By maximizing item traceability, DataBar labels can help minimize errors and provide a highly accurate picture of actual store-level sales and on-hand, sellable inventories. Retailers can maximize their profits by displaying and selling items according to expiration date, instead of having consumers reject expired products, or products approaching their sell-by date, in favor of newer items. The value of traditional EAN/UPC barcodes is limited for items with varying expiration dates, because they contain only minimal product information. While DataBar labels can’t stop consumers from “shopping from the back of the shelf,” the freshness information encoded in the DataBar label can help retailers understand the impact of this behaviour on their inventories.

DataBar labels also enable retailers to track and study the impact of markdowns and waste across all their products. When older products are discarded as waste, retailers can track this obsolescence in real time, instead of waiting for individual stores to manually process their inventory corrections. As a result, they can make more exacting purchase orders that minimize waste and maximize profit margins.

As retailers place more and more emphasis on extremely fresh categories such as bakery items and prepared foods, new DataBar labels can have obvious benefits. By tracking sales of these very fresh categories at the item and shelf level, the DataBar labeling system can help retailers manage demand and maximize margin. For example, retailers can code fresh products so that after a certain period, the price is marked down automatically. They can also more effectively manage multiple deliveries of identical items delivered on the same day — distinguishing between produce delivered at 6:00 a.m. and produce delivered at 4:00 p.m. The conventional inventory rule of “first in, first out” is not always observed when shoppers are making choices — and DataBar can reveal what is really happening in the aisle.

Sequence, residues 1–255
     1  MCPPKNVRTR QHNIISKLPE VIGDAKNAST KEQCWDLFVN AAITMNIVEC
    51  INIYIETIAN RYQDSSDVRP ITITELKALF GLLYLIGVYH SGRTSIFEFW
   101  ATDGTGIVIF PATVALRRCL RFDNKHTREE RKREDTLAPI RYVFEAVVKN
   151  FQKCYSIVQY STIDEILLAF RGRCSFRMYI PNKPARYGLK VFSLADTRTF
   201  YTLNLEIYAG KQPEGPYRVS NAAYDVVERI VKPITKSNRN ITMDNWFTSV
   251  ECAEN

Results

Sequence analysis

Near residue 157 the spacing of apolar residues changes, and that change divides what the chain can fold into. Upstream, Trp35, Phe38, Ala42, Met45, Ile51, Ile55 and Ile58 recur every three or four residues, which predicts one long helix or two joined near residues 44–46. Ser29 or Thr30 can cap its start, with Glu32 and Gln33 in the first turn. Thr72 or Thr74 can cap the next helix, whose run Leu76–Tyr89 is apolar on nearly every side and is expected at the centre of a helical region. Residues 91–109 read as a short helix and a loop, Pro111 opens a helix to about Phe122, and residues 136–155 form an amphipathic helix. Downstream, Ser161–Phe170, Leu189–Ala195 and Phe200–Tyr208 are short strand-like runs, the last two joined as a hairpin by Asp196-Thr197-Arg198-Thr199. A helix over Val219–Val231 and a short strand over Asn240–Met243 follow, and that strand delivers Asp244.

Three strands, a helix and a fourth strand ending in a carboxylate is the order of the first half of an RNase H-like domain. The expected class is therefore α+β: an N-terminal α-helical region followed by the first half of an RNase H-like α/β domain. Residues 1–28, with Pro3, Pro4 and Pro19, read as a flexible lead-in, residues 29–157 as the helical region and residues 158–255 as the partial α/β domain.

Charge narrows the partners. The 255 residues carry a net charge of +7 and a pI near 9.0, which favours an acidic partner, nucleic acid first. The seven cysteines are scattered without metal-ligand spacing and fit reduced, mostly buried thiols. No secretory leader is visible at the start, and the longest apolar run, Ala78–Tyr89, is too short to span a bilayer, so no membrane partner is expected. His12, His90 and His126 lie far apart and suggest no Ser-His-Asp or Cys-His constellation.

Because their small size makes DataBar well-suited for individual products, this new labeling system can also save retailers the time and money that is often invested in breaking down manufacturers’ or shippers’ cases and relabeling individual products. With DataBar labels already affixed at the item level, products can quickly be unpacked and moved directly to the retail shelf.

Cases can also be packed to include mixed units, with DataBar providing the capability to track which items are actually selling. If there are continuing issues with deliveries — for example, certain produce is always arriving bruised — the granular information encoded in the DataBar label simplifies the process of tracking these errors back through the supply chain, making it possible to eliminate careless shippers and other problem vendors that are affecting sales performance at retail.

While it remains to be seen whether DataBar will truly be embraced by the worldwide retail industry by 2014 — which is the goal of the GS1 organization — one thing is certain. Combined with advanced supply chain solutions that are designed to manage and apply data in a strategic manner, the new level of information provided by DataBar has the potential to deliver significant benefits for many manufacturers and retailers. This new item- and shelf-level labeling system has the potential to raise the bar in the retail industry — but only you can decide if DataBar is the right choice for your own business.